"Gaza's Christian community also fear the political rifts and changes happening in the Middle East, especially the so-called 'Arab Spring' which has led to the displacement of hundreds of thousands of Christians from the region, especially from Iraq and Syria. Moreover, the emergence of extremists with religious antidotes to secular societies and a rejection of 'others', is also considered a challenge to Christians' lifestyles and the lives of their children. It is also worth mentioning that poverty, the siege, and a catastrophic humanitarian situation in Gaza as a result of the deteriorating political situation and internal Palestinian division, threatens Gazan society for both Christians and Muslims alike."
Sami El-Yousef, regional director of the Pontifical Mission in Jerusalem, writes in the preface that in 2009 he made a trip to Gaza to check on the progress of the mission's emergency intervention following an aerial bombing that completely destroyed a mother and child clinic.
"Stereotypical images of the Gaza Strip in my mind were of over-crowdedness, lack of law and order, dirty streets, poor sanitation and the like. I crossed Israel's Erez Border Crossing alone not knowing what to expect on the other side, and not knowing that this very first trip would be a life changing experience for me. I spent a mere five hours in Gaza meeting with a number of the Christian leaders and heard the firsthand accounts about their daily life in the Gaza Strip. I also heard about the wonderful work of the Christian institutions that continuously serve the local in the various fields of education, healthcare, and social service. In a few short hours, I learned more about the meaning of pride, dedication, bravery, -worth, sense of mission, commitment, and the true application of Christian values than at any other time in my life and I immediately fell in love with this small yet determined community."
He adds: "I have no doubt that after all of the suffering, Gaza will one day soon regain its glory and its rightful place, and justice and peace will finally prevail."
The report comes as the Gaza Emergency Appeal launched last month by Embrace the Middle East has raised more than £200,000 so far and already payments have been sent to fund essential medicines and medical supplies, fuel, food and blankets.
In addition, the Disasters Emergency Committee Gaza Crisis Appeal has reached a total of more than £6m just three days since it was launched.
Aid agencies and their partners have taken advantage of the lull in the fighting to reach more of the hundreds of thousands of people in desperate need of clean water, food, shelter, medical treatment and psychological support.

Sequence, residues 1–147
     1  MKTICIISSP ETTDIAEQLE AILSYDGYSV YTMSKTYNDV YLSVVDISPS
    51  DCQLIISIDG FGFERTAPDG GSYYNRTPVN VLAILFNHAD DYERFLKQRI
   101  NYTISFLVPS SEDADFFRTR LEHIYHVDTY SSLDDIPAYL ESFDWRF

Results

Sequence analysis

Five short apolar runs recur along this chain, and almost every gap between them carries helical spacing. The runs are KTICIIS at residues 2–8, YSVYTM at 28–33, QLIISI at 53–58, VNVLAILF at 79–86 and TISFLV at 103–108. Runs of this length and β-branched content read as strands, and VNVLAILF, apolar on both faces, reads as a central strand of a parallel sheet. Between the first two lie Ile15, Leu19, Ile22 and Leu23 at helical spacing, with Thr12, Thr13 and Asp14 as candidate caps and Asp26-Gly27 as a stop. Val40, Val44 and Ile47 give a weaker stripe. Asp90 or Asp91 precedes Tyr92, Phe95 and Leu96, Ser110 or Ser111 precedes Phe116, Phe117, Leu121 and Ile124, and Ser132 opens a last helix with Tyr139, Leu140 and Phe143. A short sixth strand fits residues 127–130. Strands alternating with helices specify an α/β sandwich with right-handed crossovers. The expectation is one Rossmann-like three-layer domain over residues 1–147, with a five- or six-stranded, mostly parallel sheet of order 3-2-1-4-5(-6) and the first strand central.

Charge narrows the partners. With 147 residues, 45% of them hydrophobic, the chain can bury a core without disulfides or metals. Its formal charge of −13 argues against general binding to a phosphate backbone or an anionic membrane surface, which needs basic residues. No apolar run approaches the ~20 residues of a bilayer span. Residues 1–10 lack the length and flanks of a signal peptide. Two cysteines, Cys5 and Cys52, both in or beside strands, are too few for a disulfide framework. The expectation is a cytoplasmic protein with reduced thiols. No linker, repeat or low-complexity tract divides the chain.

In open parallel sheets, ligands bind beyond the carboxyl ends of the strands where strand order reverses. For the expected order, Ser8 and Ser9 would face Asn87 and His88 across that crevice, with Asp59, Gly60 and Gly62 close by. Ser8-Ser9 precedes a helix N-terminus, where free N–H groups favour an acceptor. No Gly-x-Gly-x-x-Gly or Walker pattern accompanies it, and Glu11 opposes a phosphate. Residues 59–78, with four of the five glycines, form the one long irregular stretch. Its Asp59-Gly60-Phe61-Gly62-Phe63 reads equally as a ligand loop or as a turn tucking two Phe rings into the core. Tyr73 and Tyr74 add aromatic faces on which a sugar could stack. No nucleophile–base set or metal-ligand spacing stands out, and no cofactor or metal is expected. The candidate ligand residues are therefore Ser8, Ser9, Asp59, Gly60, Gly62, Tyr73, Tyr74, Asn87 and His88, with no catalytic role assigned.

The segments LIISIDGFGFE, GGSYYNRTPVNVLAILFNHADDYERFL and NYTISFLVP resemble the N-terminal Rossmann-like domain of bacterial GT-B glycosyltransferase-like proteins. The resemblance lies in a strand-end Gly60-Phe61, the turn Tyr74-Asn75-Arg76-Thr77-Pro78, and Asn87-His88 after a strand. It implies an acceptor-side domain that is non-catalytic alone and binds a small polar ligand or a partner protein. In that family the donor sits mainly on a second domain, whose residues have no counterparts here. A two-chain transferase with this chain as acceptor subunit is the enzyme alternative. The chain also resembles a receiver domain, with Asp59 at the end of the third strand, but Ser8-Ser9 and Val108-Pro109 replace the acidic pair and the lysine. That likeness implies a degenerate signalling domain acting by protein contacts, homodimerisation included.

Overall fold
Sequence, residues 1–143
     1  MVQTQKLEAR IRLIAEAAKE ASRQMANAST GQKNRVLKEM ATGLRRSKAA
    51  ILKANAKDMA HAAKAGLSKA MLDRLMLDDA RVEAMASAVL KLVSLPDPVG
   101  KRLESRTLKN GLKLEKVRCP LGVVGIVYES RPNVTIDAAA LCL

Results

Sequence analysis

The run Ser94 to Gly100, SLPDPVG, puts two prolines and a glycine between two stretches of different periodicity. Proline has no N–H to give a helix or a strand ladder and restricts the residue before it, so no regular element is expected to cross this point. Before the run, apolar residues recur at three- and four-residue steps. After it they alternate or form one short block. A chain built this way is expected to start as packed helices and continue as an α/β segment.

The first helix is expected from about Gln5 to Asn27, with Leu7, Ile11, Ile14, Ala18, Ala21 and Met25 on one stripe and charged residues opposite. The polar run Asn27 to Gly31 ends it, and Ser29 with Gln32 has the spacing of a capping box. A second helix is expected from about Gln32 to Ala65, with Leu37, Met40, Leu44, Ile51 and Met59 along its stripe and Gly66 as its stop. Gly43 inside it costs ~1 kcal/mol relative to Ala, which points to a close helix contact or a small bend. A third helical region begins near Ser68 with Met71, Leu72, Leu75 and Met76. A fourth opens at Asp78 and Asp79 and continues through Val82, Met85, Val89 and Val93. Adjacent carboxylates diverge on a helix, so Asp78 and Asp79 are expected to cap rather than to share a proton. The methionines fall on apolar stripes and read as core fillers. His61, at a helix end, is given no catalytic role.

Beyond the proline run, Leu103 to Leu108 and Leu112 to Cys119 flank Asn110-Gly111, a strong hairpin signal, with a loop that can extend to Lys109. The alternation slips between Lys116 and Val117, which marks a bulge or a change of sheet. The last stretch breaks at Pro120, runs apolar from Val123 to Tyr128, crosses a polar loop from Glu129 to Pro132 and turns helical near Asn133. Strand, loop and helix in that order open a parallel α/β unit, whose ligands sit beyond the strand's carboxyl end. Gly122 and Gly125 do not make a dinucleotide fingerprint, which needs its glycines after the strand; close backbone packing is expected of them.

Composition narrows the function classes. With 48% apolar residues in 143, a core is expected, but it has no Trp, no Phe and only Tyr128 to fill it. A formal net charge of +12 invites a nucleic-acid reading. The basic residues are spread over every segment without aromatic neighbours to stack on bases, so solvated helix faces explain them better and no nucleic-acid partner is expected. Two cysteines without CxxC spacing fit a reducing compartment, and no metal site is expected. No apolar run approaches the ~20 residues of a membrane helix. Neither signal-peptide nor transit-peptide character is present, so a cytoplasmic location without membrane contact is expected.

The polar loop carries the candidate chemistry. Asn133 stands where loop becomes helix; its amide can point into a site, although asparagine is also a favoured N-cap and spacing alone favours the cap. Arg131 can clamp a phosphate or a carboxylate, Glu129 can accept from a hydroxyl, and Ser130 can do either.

The Department for International Development matched the first £2 million donated by the public pound-for-pound.
The Near East Council of Churches, a Christian Aid partner in Gaza, has been able to reopen their clinics because of the ceasefire. Christian Aid has helped to fund access to primary health care services, psychosocial support to 1,500 children in Shijaia, El Daraj and Rafah areas of the Gaza Strip, vocational training for 100 young people in Gaza City and El Qarara and cash for work to cope with the ongoing emergency situation in the Gaza Strip, helping 10,000 people in Shijaia, El Daraj and Rafah areas.
Dr Issa Tarazi, speaking to Christian Today from the council's headquarters in Gaza, said: "Christians in Gaza are part of the community and have suffered like others have. I am looking for peace and justice. That is what is needed in Gaza. It must be achieved politically."
Jeremy Moodey, CEO of Embrace the Middle East, said: "The Christian community in Gaza is tiny, yet its roots in the community are deep and go back for two millennia – to Philip the Evangelist in Acts 8. Despite its small size, the community has a vibrant and powerful social witness, with a general hospital, clinics, several schools and other projects serving their Muslim-majority neighbours. This is about quality not quantity of witness, and is the perfect example of Christians being 'salt and light' in their community. That this is occurring in trying circumstances in the very land where Jesus preached about 'salt and light' is all the more poignant, yet we in the West are in danger of taking this ongoing witness for granted."